The cause of Collins’s artistic decline is a subject which will always be open for debate. Perhaps the explanation most famous (certainly the most characteristic of its critic) is that of Swinburne:

What brought good Wilkie’s genius nigh perdition? Some demon whispered—”Wilkie! have a mission.”

Peters rebuts this charge by noting that only half the novels of the last 20 years of Collins’s life were novels “with a purpose”—she might also have added that besides the more obvious choices like The Black Robe (1881) and Heart and Science (1883), earlier novels were mission novels as well. She dismisses his addiction to opium, which was fully developed by the time of The Moonstone and served his artistic purposes well in that novel. She ultimately decides upon two reasons for his artistic decline. The first is the death of Dickens in 1870, which deprived Collins of “an internal censor” and “the imaginative web he threw over the lives of those who knew him”. The second is Robinson’s observation that since his plays were becoming so successful, Collins now designed his novels for conversion for the stage. Doing so robbed his novels of his genius for complex plotting; many of these are comprised of a series of static scenes which rely heavily on melodramatic dialogue. Nonetheless, Peters is careful to clarify that this is a decline in consistency, that his inventive powers “flashed off and on”; indeed, his ear for narrative voices is still sharp in his last complete novel, The Legacy of Cain (1888). Yet despite his continued popular success, there is always the sense that Collins knew his masterpieces were behind him: with guarded optimism, he constantly claims in his letters that the novel he has just completed is his best work since The Woman in White.

If there is one weakness to Peters’s book, it is in her failure to fully achieve her own vision of her subject. Her biography begins with three pages of introductory remarks in which she sets up her discursive apparatus: “Wilkie Collins was haunted by a second self.” Such an apparatus serves her well throughout the book—she constantly applies it to his personal relationships and to his fiction—but perhaps it serves her too well. Because she views this theme of identity from a myriad of perspectives, in the end there is no overall cumulative vision. Instead, her readers must note the various examples and finally draw their own conclusions.

For example, she cites anecdotes (from Collins and from others) about a “second Wilkie Collins” taking over the writing process, often a result of his dependence on laudanum. Later she finds the “two sides of his character” in “The Dead Hand,” a short story about half-brothers, one “as wild, uncanny and depressed as his brother is sanguine and easygoing, as dark as he is fair”; what his “darker” side encompasses, she does not explicitly say. She discusses the psychomachia of Armadale and cites Jung on the shadow-self, which she herself defines elsewhere as “the underside of a personality which compensates for inadequacies in the external persona, or, suppressed or denied full expression, takes revenge in unexpected ways”. Such a definition provides strong leads for elaboration. For example, Peters alludes to Collins’s physical deformities and subsequently spotlights the many oddities of the human form running throughout his fiction, but these allusions come elsewhere and are never fully applied to the concept of the shadow-self. Similarly, she misses the opportunity to elaborate on revenge due to suppression. This is a dominant theme in novels like No Name, for which Peters claims Collins used his mother as a starting point for his psychological exploration of the heroine. But how or why this impulse comes from Collins’s “other” self is never fully discussed. Certainly the theme of changing identity should be more explicitly related to his fascination with the subversion of Victorian society and how so often in his fiction law is at once the disenfranchising victimizer and its victims’ instrument of revenge.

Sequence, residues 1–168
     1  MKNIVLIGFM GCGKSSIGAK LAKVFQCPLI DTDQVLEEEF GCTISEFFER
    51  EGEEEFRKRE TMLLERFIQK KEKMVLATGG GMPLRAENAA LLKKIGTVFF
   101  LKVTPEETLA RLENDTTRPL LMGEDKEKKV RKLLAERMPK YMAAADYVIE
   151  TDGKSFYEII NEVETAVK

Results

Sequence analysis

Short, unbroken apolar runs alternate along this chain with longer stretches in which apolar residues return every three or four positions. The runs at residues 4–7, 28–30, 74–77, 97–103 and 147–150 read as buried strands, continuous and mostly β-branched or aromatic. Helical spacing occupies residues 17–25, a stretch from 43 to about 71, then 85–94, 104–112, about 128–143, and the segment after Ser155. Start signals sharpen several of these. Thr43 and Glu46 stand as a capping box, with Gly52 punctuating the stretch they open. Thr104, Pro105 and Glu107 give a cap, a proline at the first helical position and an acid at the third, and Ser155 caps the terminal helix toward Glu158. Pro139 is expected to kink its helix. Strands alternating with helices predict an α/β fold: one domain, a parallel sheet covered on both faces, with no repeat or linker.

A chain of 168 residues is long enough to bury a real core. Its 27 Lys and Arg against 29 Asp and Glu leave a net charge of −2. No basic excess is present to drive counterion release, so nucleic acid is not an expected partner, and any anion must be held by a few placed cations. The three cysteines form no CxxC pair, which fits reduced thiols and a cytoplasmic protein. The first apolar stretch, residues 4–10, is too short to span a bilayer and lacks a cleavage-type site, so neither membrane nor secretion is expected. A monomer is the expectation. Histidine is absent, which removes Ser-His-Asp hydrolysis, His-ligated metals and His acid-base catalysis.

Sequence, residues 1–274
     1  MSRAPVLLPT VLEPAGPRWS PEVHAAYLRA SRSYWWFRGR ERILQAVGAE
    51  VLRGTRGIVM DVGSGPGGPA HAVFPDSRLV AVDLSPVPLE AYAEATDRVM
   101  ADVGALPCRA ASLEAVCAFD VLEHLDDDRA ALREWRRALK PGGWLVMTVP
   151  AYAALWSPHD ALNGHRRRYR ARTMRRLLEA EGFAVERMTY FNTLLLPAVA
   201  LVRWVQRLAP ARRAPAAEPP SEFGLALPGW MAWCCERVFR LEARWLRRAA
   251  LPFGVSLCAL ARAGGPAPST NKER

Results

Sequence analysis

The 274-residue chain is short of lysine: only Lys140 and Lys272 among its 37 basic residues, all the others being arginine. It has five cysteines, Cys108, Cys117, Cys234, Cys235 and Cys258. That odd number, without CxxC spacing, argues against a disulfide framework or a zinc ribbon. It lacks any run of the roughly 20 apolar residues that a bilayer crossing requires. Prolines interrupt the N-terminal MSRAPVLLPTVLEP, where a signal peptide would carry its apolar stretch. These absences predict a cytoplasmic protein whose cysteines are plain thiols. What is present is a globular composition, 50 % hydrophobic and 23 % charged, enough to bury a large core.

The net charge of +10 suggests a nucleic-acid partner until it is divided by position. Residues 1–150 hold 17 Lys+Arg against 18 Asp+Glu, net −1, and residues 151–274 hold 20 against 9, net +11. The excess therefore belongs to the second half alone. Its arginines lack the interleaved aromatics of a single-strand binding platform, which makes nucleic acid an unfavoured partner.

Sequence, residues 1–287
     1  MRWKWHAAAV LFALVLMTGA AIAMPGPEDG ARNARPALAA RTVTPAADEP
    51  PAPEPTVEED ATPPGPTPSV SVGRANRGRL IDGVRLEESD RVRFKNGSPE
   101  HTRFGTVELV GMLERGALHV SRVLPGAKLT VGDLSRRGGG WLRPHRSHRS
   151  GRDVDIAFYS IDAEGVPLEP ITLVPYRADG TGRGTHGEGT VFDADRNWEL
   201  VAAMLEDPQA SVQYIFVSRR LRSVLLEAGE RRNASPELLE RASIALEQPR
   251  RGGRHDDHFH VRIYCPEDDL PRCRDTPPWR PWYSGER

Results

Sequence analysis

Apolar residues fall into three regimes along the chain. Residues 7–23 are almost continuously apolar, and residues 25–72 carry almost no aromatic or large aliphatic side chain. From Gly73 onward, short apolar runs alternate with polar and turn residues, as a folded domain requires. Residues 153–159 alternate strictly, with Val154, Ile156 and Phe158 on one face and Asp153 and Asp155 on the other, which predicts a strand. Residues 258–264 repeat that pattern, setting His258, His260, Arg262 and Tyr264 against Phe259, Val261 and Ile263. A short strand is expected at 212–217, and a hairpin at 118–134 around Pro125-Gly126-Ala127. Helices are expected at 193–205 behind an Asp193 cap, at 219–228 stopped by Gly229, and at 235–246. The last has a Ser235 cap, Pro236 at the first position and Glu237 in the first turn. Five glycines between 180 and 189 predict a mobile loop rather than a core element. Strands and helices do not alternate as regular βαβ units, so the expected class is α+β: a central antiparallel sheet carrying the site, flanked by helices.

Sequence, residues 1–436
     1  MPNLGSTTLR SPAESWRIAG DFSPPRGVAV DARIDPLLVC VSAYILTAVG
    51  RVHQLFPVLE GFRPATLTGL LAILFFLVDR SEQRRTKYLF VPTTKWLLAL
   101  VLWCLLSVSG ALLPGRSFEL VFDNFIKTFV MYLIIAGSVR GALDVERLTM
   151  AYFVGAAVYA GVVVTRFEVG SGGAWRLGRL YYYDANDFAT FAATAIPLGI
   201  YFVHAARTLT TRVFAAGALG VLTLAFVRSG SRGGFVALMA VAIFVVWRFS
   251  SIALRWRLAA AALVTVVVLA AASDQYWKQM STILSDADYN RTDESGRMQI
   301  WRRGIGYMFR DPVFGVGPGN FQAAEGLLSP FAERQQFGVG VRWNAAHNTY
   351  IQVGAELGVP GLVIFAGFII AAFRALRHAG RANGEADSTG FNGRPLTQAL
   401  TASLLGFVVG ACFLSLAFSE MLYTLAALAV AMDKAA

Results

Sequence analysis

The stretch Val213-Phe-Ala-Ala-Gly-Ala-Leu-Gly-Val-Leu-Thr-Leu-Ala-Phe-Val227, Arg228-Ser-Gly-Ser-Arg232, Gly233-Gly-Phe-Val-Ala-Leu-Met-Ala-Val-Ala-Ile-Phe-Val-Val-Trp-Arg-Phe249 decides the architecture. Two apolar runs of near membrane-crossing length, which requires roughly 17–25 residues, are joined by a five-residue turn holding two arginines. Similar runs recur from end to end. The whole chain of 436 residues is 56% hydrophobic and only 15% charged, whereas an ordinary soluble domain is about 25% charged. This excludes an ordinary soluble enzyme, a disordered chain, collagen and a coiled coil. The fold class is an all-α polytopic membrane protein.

Elsewhere she applies the theme of doubling to Collins’s coming of age (his name change from Willie to Wilkie), to his relationship with his brother (the darker and more repressed Charley), to his theatre connections and his innate theatricality, to his “sorcerer” Dickens, to his mistresses’ public identities and to the changing of his own identity late in life to William Dawson of Ramsgate. She alludes to the fear and “a secret sense of exhilaration” of losing one’s identity, but we never see that fully reconstructed or realized. In the end we must ourselves conjecture about Collins’s shadow-self from her analyses of his fiction—we are given at best only periodic glimpses of it in her portrait.

Granted, this is not an easy task, for as with Dickens, Collins and his surviving family burned nearly all of his private papers. But perhaps the ultimate value of a critical work like this is to avoid reducing a writer’s life to a tidy equation and to raise more questions than you answer. And as all biography is by its very nature reinvention, Peters has provided more than enough data for her readers to complete the reinvention of Wilkie Collins on their own.